Less than a calendar year after saying goodbye to the Steelers and their fans to finish his career where it started in Washington D.C., Ryan Clark today announced his retirement from the National Football League.
A fan favorite whose loquacious nature will serve him well as an NFL analyst, it is no stretch to say that Troy Polamalu would not have had nearly as many spectacular plays over his career had he not had a partner like Clark at free safety in the Steelers' defensive backfield. Their on field chemistry was so great it was as if the two shared a brain at times.
However, Clark made more than a few great plays himself, many via ferocious hits, as his memorable leveling of Wes Welker in 2008 and Percy Harvin in 2009.
Clark has said himself that the Welker hit (right) is his favorite of his career, one in which he led with the shoulder after a tipped ball -- meaning it probably wouldn't have drawn a flag or fine even in the modern era of Roger Goodell's NFL.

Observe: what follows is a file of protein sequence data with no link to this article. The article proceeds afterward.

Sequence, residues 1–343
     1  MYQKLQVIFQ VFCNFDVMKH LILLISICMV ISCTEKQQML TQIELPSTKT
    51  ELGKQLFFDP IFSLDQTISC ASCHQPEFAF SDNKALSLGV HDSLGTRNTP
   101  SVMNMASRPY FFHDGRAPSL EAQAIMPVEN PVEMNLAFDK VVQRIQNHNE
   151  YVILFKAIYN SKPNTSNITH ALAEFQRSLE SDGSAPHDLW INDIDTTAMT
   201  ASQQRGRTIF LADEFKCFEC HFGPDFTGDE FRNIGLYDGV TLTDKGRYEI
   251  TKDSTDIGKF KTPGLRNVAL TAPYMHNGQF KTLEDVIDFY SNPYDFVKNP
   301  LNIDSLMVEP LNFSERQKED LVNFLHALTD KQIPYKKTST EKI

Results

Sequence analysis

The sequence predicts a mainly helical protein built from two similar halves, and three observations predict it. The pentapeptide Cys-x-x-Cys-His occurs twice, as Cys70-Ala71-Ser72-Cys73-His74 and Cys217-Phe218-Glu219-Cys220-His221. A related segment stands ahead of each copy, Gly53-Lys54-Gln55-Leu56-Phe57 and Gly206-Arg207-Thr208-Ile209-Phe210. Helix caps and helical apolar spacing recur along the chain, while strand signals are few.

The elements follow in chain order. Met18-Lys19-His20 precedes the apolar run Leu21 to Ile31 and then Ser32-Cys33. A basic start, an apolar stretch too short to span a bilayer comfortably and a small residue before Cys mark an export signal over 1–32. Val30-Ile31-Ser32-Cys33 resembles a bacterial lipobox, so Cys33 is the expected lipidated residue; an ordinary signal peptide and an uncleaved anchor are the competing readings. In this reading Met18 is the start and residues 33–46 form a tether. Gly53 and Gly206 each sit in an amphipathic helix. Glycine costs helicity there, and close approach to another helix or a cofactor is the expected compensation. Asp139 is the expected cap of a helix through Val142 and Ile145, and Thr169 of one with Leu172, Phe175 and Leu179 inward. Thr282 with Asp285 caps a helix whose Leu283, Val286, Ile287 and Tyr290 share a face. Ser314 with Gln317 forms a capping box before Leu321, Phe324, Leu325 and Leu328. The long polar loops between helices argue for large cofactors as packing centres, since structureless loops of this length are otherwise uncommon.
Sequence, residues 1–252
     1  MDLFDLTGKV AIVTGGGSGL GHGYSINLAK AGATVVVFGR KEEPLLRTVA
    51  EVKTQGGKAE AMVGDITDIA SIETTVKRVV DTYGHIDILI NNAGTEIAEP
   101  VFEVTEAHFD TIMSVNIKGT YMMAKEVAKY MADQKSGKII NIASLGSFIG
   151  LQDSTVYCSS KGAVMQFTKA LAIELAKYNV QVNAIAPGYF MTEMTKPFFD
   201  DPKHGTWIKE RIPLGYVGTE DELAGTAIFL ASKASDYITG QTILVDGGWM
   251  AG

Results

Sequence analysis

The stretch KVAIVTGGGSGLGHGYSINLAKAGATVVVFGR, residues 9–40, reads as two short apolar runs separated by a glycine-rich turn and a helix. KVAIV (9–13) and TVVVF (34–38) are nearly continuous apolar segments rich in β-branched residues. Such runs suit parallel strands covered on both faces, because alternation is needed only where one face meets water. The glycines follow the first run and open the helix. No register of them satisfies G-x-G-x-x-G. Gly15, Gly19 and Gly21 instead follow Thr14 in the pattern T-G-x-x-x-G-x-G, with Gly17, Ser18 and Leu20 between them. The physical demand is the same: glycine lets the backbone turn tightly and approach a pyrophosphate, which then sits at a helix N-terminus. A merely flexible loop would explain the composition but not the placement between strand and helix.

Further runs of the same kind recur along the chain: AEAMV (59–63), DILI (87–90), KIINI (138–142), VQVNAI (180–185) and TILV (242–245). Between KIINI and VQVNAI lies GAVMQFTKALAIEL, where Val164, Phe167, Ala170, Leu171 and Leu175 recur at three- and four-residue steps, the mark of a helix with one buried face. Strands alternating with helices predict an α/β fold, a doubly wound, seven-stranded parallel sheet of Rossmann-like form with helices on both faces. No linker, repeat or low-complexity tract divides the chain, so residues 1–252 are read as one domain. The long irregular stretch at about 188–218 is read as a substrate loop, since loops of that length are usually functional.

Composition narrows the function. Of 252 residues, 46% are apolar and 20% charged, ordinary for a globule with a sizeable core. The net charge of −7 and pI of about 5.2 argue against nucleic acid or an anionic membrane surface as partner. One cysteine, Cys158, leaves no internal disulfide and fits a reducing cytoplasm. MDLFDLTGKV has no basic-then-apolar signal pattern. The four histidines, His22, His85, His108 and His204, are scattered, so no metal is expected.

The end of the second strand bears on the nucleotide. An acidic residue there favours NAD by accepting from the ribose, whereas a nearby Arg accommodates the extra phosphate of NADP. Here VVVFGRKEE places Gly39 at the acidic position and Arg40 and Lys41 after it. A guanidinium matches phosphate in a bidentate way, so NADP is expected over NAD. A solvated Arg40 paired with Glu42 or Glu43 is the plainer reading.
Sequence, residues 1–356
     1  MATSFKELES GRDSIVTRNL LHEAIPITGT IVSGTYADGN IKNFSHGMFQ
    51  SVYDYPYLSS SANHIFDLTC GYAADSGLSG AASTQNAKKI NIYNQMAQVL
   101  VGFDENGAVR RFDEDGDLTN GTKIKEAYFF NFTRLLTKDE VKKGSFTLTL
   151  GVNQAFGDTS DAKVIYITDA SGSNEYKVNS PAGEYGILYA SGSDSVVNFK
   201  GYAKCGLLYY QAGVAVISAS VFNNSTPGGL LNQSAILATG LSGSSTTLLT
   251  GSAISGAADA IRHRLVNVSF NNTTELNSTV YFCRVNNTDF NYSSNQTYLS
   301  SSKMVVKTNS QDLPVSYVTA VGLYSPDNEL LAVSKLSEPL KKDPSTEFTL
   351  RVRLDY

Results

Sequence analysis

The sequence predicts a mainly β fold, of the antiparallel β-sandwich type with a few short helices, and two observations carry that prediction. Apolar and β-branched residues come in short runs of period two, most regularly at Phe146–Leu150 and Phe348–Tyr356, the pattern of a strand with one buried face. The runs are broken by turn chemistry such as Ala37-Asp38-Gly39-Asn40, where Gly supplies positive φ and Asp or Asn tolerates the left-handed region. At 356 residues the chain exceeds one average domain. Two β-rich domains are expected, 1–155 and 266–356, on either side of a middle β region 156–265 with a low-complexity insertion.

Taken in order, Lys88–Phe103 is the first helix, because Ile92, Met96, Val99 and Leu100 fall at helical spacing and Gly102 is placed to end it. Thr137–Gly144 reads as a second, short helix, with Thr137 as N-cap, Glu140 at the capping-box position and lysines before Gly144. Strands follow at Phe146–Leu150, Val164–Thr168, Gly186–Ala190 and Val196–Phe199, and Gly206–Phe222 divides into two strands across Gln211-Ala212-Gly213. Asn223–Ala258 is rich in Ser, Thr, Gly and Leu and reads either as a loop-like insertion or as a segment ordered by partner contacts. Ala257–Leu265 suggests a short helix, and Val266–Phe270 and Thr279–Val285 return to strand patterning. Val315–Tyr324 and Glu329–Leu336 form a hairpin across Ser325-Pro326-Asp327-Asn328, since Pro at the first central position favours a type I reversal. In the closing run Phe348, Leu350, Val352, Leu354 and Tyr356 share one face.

But his hit on Willis McGahee in the 2008 AFC Championship game was quite frankly the most violent single play in the most violent game I've ever witnessed. It is more punishing than anything James Harrison did to a trio of Browns, or Hines Ward did to Ed Reed (although maybe not Keith Rivers).
Today it would certainly be a penalty, and probably a fine. And admittedly it gave a chill then, and even moreso now given how much more is known about CTE. Nonetheless .... It is a thing of savage beauty.
Check that and the Welker hit out at the bottom.
But lest Clark merely be remembered for being a head-splitting barbarian, it is more worth remembering that he was one of the all-time great guys with fans and especially kids up at training camp, a total ham that signed every autograph after practice and gave away his equipment almost daily.
Here are the hits.
First: On Wes Welker vs. New England, Nov. 30, 2008
Next: On Willis McGahee vs. Baltimore (AFC Championship), Jan. 18, 2009